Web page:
Nutrition: No higher heart attack risk with "Atkins"

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Nutrition: No higher heart attack risk with "Atkins"
Nutrition: No higher heart attack risk with "Atkins"

No higher heart attack risk with "Atkins" diets

The risk of developing coronary artery disease on low-carbohydrate diets like the Atkins diet is no greater than on traditional high-carbohydrate diets. This fear arose because giving up carbohydrates would result in an increased consumption of fats and proteins.

A 20-year long-term study by Frank Hu and colleagues from the Harvard School of Public He alth, which focused on the eating behavior of 82,802 women, now disproved this assumption. Fats are considered a major contributor to coronary artery disease and heart attack.

The researchers found that those who covered their additional energy requirements primarily with plant-based products were able to reduce their risk of illness by around 30 percent despite a "low-carb diet".

Low-carb diets, which mostly go back to Robert Atkins and his advisors in the 1970s, are supposed to get the metabolism to use your own fat reserves as energy suppliers instead of easily digestible carbohydrates. If you avoid products containing sugar and starch, the blood sugar level rises less after the meal. The body is then more likely to tap into the energy stored in fat tissue and also releases less insulin, which forms body fat when it lowers blood sugar levels that are induced by sugar or starch.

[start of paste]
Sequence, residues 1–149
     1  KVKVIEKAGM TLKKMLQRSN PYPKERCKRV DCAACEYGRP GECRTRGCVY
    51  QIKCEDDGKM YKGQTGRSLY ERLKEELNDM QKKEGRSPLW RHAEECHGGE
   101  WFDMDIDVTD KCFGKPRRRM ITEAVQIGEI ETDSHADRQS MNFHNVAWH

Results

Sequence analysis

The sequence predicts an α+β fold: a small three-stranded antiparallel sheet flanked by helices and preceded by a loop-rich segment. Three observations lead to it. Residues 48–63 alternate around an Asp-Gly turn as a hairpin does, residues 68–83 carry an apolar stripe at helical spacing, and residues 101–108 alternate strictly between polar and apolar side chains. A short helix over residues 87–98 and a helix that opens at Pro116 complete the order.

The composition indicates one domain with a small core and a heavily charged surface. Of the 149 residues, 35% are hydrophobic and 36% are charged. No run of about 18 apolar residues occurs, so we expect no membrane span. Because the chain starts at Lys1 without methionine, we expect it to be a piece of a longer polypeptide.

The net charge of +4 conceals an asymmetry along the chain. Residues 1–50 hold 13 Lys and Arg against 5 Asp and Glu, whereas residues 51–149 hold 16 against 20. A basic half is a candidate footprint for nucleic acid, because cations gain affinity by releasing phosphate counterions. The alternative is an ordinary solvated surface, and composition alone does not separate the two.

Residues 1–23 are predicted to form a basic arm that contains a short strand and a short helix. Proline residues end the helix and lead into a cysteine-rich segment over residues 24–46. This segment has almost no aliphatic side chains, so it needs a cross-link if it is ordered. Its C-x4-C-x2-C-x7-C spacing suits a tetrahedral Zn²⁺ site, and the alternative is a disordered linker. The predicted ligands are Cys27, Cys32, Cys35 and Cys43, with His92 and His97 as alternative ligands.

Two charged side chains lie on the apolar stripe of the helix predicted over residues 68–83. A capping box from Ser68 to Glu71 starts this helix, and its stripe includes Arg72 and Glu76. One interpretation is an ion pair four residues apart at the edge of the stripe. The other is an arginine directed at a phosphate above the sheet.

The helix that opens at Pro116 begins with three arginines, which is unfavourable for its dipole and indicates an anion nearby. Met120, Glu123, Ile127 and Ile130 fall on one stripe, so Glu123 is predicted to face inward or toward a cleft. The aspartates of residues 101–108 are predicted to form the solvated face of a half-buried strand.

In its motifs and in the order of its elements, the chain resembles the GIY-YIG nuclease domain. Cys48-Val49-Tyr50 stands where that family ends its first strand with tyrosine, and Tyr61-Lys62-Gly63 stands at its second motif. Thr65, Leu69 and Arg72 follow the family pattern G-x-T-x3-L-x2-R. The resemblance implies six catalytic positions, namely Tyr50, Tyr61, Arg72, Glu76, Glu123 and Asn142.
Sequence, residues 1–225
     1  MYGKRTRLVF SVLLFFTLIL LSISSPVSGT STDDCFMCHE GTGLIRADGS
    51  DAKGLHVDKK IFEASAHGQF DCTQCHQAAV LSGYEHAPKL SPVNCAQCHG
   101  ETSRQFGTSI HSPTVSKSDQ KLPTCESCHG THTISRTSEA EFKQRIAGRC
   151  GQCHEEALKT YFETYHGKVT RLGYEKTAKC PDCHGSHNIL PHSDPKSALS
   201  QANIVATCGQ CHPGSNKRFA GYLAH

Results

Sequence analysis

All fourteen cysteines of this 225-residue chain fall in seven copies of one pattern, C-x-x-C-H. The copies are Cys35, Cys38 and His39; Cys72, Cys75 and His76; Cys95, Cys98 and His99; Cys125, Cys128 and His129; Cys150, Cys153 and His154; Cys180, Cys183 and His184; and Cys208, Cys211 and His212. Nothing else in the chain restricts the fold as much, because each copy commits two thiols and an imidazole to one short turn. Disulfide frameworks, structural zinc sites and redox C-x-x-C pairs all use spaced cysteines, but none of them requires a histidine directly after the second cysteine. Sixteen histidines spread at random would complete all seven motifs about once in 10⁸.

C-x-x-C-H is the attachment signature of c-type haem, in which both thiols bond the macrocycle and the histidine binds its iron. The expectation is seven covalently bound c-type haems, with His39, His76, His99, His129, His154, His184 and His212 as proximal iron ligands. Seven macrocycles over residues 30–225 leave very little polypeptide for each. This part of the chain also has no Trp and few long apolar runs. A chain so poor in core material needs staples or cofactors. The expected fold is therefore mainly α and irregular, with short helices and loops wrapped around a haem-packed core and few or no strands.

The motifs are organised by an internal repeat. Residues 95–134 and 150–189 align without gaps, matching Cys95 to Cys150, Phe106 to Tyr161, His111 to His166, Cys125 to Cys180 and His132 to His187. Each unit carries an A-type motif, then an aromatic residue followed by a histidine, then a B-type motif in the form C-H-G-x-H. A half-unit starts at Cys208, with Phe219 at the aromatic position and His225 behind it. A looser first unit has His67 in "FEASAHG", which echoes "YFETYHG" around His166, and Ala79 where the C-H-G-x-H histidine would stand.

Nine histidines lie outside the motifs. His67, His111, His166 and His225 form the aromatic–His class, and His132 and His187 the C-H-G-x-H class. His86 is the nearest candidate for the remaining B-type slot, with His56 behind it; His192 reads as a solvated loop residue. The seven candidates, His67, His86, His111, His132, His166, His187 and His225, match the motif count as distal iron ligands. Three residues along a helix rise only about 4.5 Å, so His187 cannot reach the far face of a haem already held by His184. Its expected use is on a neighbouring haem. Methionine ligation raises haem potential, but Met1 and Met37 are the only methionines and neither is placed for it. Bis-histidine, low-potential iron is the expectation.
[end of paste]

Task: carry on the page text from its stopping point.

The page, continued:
However, critics continue to warn against too high a proportion of fats and proteins in food: High-protein food can lead to kidney damage, and animal fats in particular are not only known to make you fat, but also increase cholesterol levels.

Even an excessively high-carbohydrate diet is not without risk: It can also lead to heart problems via high blood sugar levels. The researchers therefore recommend a diet low in carbohydrates and high in vegetable fats and protein.

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